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Bloggers are special. We are admired for our perseverance, and we are belittled for our idealism. But we also attract envy and resentment, particularly from colleagues. Here are some of the allegations I am confronted with as a blogger time and again.
“It’s easy for you to talk!”
When people ask me why I am a blogger, I often encounter a lot of mistrust. “Yeah, you! You can easily write a blog without anyone paying you, you’re having yourself pampered by the ARD (German public TV network, its institutional set-up was modelled after the BBC)!” This is a quote from a broadcast discussion with my esteemed colleague from that network, Dennis Horn.
By getting pampered my colleague meant that in three weeks every month I host the nighttime news on BR or on WDR, two local ARD stations. I spend the rest of my time travelling, meeting interesting people and blogging about it.
So I get reproached, if indirectly, that I can only afford my blogging because I have a good job. The funny thing is I even felt guilty about that for quite some time. Today I ask myself: Why should I? Because I work day and night!? Since I was 16, there hasn’t been a single phase in my life when I didn’t work. I worked in warehouses, at cash registers, in kitchens and in restaurants, I delivered newspapers, I was a radio DJ and a TV host. Early shifts, late shifts, weekends and holidays – it didn’t make a difference to me.
My blog would probably have never existed if it hadn’t been for good old BR.
It’s been 14 years now that I present the late news at BR, every night just before midnight. Any attempt to get a more normal time slot, if only as a fill-in, was nixed. I have to admit that it did irritate me at times to be sidelined that way. And believe me I did try to change it. Today I’m almost grateful to the station that they are leaving me alone during the day. My blog would probably have never existed if it hadn’t been for good old BR.
But I still get belittled for my blogging. In my spare time! Without making any money! It took a while until I realized that this isn’t really about me, but mostly about the critics themselves. By attacking me and my blogging lifestyle they are trying to justify their own lethargy. It’s always easier to criticize others than questioning one’s own routines.
“You’re only after the attention!”
Another reproach I often hear is: “You’re only doing this to get attention!” (… as if it had taken brute force to make me line up for an iPad!) Of course I thrive on attention, just like any other media professional in the digital age. The only difference is that I don’t have a PR department, nor a media planning office, and no dedicated social media manager. There is only me and my blog that’s running on open-source software and that I write on my own time.
Curiosity – isn’t that why we all became journalists?
It’s interesting that these allegations of self-aggrandizing mostly come from colleagues, i.e. other journalists – never from readers, listeners or viewers. Is it really that crazy to believe me when I say that it is curiosity and the joy of stories that are driving me? That I really wanted to know why there was a revolution in Egypt all of a sudden, and not how many clicks I got when I blogged from Tahrir Square?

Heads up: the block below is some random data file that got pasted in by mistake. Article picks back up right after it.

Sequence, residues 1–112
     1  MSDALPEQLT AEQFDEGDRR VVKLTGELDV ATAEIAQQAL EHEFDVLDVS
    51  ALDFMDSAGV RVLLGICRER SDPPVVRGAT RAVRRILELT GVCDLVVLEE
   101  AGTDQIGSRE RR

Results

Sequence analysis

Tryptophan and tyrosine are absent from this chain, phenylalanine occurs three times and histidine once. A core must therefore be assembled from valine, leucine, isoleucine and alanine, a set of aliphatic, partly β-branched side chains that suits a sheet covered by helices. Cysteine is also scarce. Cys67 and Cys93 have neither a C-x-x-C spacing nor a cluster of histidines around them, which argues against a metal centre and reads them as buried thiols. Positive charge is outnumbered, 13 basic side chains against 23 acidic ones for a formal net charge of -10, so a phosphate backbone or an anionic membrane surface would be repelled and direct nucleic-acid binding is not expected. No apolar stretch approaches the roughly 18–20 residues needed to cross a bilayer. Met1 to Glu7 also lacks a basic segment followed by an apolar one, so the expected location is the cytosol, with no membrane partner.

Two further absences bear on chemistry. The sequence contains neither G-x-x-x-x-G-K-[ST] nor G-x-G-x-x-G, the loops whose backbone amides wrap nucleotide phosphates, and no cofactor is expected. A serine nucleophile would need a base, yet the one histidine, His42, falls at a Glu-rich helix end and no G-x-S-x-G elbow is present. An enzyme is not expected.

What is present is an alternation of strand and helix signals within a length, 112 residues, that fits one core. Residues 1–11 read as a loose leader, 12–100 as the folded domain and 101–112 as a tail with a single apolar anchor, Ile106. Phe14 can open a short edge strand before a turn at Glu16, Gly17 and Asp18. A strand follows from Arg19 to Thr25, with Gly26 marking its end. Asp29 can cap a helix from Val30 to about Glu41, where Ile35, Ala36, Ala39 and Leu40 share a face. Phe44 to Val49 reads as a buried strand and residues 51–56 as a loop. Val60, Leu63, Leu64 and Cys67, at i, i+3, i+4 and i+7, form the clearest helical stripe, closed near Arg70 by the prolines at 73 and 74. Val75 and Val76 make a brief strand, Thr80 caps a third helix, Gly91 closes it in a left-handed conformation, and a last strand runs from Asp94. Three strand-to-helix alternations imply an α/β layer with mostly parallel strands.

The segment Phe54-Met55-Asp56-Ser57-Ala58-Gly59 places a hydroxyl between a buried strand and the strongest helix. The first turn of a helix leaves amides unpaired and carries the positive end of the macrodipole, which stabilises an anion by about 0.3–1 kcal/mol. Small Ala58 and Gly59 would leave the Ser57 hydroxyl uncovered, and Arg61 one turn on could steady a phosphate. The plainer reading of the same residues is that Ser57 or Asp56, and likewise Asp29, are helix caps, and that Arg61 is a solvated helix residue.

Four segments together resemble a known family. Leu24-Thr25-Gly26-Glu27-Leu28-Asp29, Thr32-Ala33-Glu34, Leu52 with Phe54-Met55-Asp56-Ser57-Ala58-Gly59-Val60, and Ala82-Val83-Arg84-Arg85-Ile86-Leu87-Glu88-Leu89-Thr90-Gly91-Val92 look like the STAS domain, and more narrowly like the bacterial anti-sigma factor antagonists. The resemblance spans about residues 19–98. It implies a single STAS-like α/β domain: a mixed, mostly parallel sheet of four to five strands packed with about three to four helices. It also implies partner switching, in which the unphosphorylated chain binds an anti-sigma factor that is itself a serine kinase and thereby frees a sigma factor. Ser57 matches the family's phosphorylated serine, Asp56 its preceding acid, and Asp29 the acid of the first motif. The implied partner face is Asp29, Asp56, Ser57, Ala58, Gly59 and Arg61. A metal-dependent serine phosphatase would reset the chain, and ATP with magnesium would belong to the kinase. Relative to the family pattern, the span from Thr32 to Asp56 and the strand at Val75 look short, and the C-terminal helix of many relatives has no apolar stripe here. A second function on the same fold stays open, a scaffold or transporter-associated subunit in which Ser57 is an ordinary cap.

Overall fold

It is strange that I have to keep justifying myself for what I do. Didn’t we all become journalists for just those moments? Sometimes I ask myself what is going on in a colleague’s mind when they don’t even consider such a possibility. At what point in their career did they lose their curiosity and the ants in their pants – and why?
“Blogging isn’t Journalism!”
It is one of the most-often-heard phrases at journalists’ conferences: Blogging isn’t journalism. I think that’s rubbish. Of course not every blog nor every blog post is a marvel of journalistic achievement. But to think on the other hand that the definition of journalism is that something appeared in print or was broadcast by some station or other, is even dumber.
First-hand reporting has always been the pinnacle of journalism – even when written subjectively, from the reporter’s point of view. Is subjectivity bad per se? Or putting it in a different way: what is more “journalistic”, a blogger who makes his subjective opinion transparent – or the allegedly neutral journalists who don’t tell their audience that they are card-carrying members of a party or that they are part of some informal political network?
“Nobody can make a living from Blogging!”
And here’s getting rid of the last prejudice: You can’t make a living from blogging. That’s right. But who said that this is what we wanted anyway?
Thinking about money is often the only hindrance on the way to a successful blog.
Blogging is not a profession. Blogging is a way of life. You don’t blog in order to get rich. To the contrary: a lot of the money I make with my classic work goes into my blog. Why? Because that gives me the freedom to report about whatever I want, whenever I want – issues, places and people that interest me and that often are neglected in the news of the day.
It is a pleasant side-effect that this basic attitude has generated paid commissions on occasion, but it has never been the intention. Money often is an obstacle. If you constantly think of money, you lose the quintessence of blogging: Passion and authenticity. Or as the great Sascha Pallenberg over at Mobile Geeks has put it:
“Monetizing your blog is the last thing you should have on your mind. That’s your only chance to have fun, find readers and so get relevant, and so get potential sponsors’ interest, and then maybe make money with your blog.”
If you don’t understand that, you will never understand bloggers.